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October 23rd, 2008 By | News | Posted In: 2008 Election, News

ACLU, Others Blast Voting Probe

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The American Civil Liberties Union of Ohio and several voting rights groups are asking that a special prosecutor drop his investigation into vague, unspecified allegations of voter registration fraud. If the probe isn’t ended, the groups hint that they may file a lawsuit against the Prosecutor’s Office.

This week’s issue of CityBeat features a Porkopolis column detailing the investigation, which was launched by Hamilton County Prosecutor Joe Deters. Deters also is Sen. John McCain’s Southwest Ohio campaign chairman, and many people have viewed Deters’ action as a partisan tactic designed to suppress the surge in new voters on the Democratic side.

After Deters revealed through a press release issued Saturday afternoon that he launched the probe, public criticism prompted him two days later to appoint attorney Mike O’Neill as a special prosecutor overseeing the effort. O’Neill is a registered Republican who used to work for the Prosecutor’s Office, but has a reputation for professionalism in the local legal community.

The ACLU and other groups sent a six-page, single-spaced letter to O’Neill Tuesday, alleging that the investigation violates federal election laws and is unconstitutional.

“Mr. Deters initially declined to identify any specific basis for an investigation other than general 'complaints of fraud,' and couldn’t discern the source of the allegations,” the letter states. “It is our understanding that the Hamilton County Board of Elections has confirmed that no fraud allegations have come from county election officials. The possibility that Mr. Deters launched this investigation without any evidence or credible allegation that such voters have registered or voted illegally is troubling.”

The letter continues, “Subsequent statements attributed to Mr. Deters make broad claims of illegal conduct. Such claims in the weeks before an election will have a chilling effect on participation by lawful voters.

“Mr. Deters apparently conducted some version of a database match and determined that 100 registrants did not match the addresses in other databases, and another 166 could not be found in whatever database was used. As you are undoubtedly aware, there are many reasons for which such database mismatches – through no fault of the voter – would yield unreliable results and cannot serve as the sole basis for questioning a voter’s eligibility.”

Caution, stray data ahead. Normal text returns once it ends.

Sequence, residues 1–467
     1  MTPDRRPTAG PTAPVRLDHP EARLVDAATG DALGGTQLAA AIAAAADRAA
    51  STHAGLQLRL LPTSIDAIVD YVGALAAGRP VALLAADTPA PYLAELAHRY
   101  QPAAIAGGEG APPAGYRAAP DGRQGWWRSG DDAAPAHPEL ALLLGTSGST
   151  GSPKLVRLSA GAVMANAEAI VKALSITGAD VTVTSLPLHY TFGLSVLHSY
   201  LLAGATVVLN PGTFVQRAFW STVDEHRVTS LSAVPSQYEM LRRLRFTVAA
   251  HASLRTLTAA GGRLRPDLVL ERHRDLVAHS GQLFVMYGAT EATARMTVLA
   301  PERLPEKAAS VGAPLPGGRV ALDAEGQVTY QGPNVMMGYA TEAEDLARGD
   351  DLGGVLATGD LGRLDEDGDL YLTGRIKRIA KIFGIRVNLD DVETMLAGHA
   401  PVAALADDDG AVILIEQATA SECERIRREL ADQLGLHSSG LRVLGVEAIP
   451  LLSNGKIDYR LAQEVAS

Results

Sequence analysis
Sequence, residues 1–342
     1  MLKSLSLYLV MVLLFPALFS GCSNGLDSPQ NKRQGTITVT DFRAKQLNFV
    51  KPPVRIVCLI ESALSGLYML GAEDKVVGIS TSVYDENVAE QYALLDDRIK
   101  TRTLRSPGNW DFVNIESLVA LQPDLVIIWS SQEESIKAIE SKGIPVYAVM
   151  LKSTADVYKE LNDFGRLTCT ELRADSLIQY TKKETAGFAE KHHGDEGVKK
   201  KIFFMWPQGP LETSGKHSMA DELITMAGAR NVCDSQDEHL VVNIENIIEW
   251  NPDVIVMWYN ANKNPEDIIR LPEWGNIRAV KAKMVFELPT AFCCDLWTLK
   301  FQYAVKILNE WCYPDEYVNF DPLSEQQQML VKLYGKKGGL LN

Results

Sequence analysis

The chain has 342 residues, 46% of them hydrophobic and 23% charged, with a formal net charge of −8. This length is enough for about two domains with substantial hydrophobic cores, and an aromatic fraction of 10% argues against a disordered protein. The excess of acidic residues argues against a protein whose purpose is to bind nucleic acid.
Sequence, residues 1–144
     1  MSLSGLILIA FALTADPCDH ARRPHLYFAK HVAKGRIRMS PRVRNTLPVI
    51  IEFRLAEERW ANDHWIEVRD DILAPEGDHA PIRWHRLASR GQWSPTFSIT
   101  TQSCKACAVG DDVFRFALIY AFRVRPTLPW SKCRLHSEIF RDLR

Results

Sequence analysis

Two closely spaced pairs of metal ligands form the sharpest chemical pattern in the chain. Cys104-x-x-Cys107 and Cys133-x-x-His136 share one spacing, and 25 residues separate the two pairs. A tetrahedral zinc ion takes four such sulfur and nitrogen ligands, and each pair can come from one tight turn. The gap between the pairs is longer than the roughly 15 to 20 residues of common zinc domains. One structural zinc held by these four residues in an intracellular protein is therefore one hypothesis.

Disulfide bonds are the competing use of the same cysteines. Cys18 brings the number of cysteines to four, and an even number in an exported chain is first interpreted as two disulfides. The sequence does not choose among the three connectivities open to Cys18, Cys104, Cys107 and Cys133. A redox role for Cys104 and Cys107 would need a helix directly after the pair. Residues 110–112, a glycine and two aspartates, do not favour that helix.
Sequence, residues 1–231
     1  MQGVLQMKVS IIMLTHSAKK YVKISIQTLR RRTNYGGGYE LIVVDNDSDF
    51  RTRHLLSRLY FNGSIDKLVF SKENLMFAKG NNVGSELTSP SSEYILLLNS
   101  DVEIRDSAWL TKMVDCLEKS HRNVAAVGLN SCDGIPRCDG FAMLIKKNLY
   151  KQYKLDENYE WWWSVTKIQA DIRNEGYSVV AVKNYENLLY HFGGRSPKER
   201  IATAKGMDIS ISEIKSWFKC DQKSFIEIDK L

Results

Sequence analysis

CityBeat filed a public records request Monday with the Prosecutor’s Office, seeking copies of any complaints that prompted the investigation. Julie Wilson, the office’s spokeswoman, replied Tuesday that the documents were exempted from state public records law due to the “law enforcement investigatory exception.”

Most complaints that prompt criminal investigations, however, like a police report alleging domestic violence or robbery, are considered public records and are routinely made available to the media.

The letter sent to O’Neill is signed by numerous individuals including representatives of the ACLU Voting Rights Project, the Lawyers Committee for Civil Rights Under Law, Project Vote, Advocates for Basic Legal Equality and several law school professors.

Among the information sought in the probe is the driver’s license numbers or the last four digits of Social Security numbers for people who voted during an “early voting window” from Sept. 30 through Oct. 6.

The ACLU’s letter states, “Voters in Hamilton County will now be fearful that exercising the right to vote has exposed them to law enforcement investigation, and this will surely chill their future willingness to participate in elections. The fact that the subpoena issued by Mr. Deters required release of these voters’ personal information to the chair of the Southwest Ohio John McCain campaign will, in the public mind, inevitably call into question the fundamental integrity of the investigation you have inherited and further dissuade lawful voters from seeking to exercise their voting rights.”

On a related note, a group plans to stage a Halloween-themed protest near Deters’ downtown office on Friday.

A group calling itself Citizens Against Joe Deters will hold a “Halloween Party and Protest” at noon at the Hamilton Country Prosecutor’s Office, 230 E. Ninth St.

A press release describes the group’s mission as “a grassroots organization of citizens who are frustrated by Hamilton County Prosecutor Joe Deters double standard of justice and public insults against people of color, people who aren’t wealthy, and people who aren’t well-connected. Our organization’s mission is simple — pressure Joe Deters to resign from his position as Hamilton County Prosecutor.”

During Friday’s protest, the group “will not give free Halloween candy to wealthy, well-connected, white people. Only poor white people and poor minorities will receive candy. … Unfair? So is double-standard sentences dished out by Hamilton County Prosecutor Joe Deters. Clearly, there are two criminal justice systems in Hamilton County.”


 
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